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CRF 250L May have to replace the old XR250L

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Don't get your hopes up. Here's more info:

http://www.visordown.com/motorcycle-news-new-bikes/tokyo-honda-crf250l/19469.html

"Forget the old air-cooled 223cc single that used to carry that name, this is a road-going enduro-style bike that carries the same 22bhp engine as the new CBR250R. Wrapped in styling that predicts the look of the next-generation CRF motocrossers, the CRF250L uses a relatively straightforward steel chassis to keep costs down but looks as exotic as the full-on competition bikes that it's designed to mimic."

From hilslamer in ADVrider about the CBR250R engine:

"That engine family never came to the US in any Honda motorcycle, and was nothing more(when sold abroad) than a liquid-cooled, DOHC cam version of the venerable but age-old air-cooled SOHC RFVC design that did come into the states as the XR and XRL lineup for ~twenty years."

As noted in the Shortypants Thread, the bike will be porky and slow, but you'll look stylish and fast when you sit on it.

43406.jpg

There is NO indication that it will be brought to the US; it's probably a JDM bike (The term Japanese domestic market (JDM) refers to the local market in Japan).

Edited by ramz

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With that low HP, keep it over there! Need something close to 28 just to keep in line with other DS in the class. Now give it a class leading 35HP from the release and have all the others DS playing catch-up.

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You have to remember that for most of the rest of the world this bike is transportation, we the "TT'ers" are looking mostly for toys.

Yes it would be a little off the mark for most of the dual sport market in the USA but with a little work (cams, bore kit, pipe, remapped EFI etc...) it may be a good entry level bike and alternate to buying a $9000.00+ KTM.

+With the street bike based CBR motor you may never have to buy valves.

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KTM doesn't have a 250 class DS. Now a WR250X (?) is $7000 and comes with 27hp. Husky TE250 is $7900 and has 30hp. So at the expected price of $7000, add in the power parts and your at the price of the others and I bet still under HP. Either way I wish Honda would enter this DS market with a good performing bike. US standard performing bike!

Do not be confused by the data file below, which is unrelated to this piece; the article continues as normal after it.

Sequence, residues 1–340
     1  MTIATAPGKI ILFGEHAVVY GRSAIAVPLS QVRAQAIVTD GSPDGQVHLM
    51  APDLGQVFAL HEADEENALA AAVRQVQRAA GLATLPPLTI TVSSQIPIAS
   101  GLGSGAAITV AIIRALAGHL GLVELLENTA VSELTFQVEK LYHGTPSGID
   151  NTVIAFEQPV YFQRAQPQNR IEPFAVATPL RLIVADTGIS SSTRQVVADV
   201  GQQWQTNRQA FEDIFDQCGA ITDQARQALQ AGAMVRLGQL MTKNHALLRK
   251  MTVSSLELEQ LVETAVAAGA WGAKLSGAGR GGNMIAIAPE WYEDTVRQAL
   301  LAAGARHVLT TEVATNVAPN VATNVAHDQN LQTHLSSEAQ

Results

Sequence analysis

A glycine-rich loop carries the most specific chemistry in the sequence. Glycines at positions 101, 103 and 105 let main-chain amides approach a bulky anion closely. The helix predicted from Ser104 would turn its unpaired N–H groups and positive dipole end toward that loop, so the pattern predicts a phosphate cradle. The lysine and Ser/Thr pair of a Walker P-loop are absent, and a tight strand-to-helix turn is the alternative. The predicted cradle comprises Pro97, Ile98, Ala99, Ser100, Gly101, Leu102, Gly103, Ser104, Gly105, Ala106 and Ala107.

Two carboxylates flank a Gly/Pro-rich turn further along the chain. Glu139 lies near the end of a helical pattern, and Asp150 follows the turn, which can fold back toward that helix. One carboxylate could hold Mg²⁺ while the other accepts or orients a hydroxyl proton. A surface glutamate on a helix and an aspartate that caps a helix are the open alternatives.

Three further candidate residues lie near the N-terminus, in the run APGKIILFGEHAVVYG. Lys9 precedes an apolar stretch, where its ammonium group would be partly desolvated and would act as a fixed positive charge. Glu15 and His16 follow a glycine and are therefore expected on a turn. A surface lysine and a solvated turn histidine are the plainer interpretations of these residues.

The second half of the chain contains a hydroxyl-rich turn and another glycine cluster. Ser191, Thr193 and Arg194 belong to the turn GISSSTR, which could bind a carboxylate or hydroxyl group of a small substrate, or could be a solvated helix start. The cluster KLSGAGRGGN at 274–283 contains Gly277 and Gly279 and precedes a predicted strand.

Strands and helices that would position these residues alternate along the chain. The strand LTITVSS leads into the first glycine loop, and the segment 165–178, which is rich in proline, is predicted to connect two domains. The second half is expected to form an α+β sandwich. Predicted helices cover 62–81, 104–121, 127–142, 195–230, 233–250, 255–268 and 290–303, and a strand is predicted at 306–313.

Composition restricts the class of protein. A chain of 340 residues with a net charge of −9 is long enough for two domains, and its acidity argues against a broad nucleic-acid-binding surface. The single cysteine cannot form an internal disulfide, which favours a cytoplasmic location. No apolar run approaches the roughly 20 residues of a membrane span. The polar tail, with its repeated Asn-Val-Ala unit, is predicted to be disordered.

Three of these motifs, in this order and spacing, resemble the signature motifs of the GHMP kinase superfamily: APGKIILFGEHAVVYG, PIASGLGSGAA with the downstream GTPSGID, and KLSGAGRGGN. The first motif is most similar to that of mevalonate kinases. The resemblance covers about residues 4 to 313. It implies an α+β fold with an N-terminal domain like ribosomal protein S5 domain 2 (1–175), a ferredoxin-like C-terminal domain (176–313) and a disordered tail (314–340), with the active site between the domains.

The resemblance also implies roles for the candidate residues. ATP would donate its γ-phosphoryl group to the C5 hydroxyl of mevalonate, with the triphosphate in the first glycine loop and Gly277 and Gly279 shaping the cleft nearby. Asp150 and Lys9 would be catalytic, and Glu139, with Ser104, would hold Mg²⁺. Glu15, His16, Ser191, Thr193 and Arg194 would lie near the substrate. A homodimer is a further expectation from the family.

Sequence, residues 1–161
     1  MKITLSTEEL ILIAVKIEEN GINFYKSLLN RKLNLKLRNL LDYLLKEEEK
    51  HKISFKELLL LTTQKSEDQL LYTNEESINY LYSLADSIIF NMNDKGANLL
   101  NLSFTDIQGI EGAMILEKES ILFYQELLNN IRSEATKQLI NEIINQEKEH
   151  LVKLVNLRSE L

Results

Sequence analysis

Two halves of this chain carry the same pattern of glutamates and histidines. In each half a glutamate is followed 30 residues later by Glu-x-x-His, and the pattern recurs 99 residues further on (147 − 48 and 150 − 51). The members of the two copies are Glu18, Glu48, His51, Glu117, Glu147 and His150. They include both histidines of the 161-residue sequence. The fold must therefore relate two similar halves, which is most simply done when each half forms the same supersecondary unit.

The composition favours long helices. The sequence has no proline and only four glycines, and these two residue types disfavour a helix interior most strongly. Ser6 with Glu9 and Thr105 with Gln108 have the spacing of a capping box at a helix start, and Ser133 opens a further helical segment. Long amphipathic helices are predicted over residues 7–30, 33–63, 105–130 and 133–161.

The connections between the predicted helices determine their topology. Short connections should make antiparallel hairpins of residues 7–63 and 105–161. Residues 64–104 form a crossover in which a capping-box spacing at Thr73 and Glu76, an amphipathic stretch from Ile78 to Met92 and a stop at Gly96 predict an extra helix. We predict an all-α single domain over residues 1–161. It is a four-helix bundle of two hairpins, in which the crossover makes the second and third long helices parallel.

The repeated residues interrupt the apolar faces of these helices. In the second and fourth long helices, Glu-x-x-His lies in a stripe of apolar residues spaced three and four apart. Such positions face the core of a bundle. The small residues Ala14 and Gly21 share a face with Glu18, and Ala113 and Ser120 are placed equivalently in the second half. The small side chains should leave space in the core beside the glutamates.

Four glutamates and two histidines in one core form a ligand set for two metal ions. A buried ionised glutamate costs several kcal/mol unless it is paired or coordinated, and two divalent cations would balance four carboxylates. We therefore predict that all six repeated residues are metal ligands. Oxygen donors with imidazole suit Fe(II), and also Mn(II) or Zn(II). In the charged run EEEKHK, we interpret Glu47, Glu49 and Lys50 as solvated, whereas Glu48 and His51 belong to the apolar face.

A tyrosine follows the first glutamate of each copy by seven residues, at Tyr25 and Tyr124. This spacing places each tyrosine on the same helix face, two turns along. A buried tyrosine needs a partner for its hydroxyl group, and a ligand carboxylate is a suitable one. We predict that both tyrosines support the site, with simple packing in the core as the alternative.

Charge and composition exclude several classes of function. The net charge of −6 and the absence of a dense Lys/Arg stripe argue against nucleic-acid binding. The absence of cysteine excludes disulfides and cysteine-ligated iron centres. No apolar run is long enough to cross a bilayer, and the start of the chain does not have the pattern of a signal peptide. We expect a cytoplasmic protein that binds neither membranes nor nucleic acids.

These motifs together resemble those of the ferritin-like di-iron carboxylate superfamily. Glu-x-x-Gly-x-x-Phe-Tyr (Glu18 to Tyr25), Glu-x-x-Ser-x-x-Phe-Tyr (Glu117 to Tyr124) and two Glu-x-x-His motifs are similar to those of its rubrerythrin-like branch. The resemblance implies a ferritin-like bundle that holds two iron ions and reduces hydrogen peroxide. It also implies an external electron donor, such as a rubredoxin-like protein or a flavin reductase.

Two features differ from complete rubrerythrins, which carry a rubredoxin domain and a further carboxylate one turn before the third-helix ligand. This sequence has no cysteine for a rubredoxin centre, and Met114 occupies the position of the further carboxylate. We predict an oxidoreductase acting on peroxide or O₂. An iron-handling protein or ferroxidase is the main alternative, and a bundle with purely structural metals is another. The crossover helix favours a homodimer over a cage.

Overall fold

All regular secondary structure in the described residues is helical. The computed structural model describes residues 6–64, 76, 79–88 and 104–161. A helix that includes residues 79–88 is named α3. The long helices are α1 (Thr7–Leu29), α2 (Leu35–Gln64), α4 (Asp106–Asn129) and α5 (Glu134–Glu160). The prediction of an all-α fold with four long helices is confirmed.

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Just wanted to post these pics in case the url goes down. Lets keep our fingers crossed and hopefully these will make it state side in a couple of years.

crf250l4.jpg

crf250l3.jpg

crf250l2.jpg

crf250l.jpg

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I love Hondas and that 250L looks alright, but I bet it's 300lbs easy as it sets there. It's definately way more "transportation" than "dirt bike with a plate" :bonk:

It's just frustrating to see the direction they go in with thier models sometimes. I'd love to see a 300-350cc motor that's around 30hp minimum, in a 250X type chassis. A big enough motor so it's not "high strung" but still gives good low end / mid range response and doesn't have to be reved to 10,000+ rpm for the 30hp. I'll just keep dreaming for now I guess. Honda needs to study KTM and thier approach for off road bikes IMO. Not directly copy them, but learn from them.

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Don't get your hopes up. Here's more info:

http://www.visordown.com/motorcycle-news-new-bikes/tokyo-honda-crf250l/19469.html

"Forget the old air-cooled 223cc single that used to carry that name, this is a road-going enduro-style bike that carries the same 22bhp engine as the new CBR250R. Wrapped in styling that predicts the look of the next-generation CRF motocrossers, the CRF250L uses a relatively straightforward steel chassis to keep costs down but looks as exotic as the full-on competition bikes that it's designed to mimic."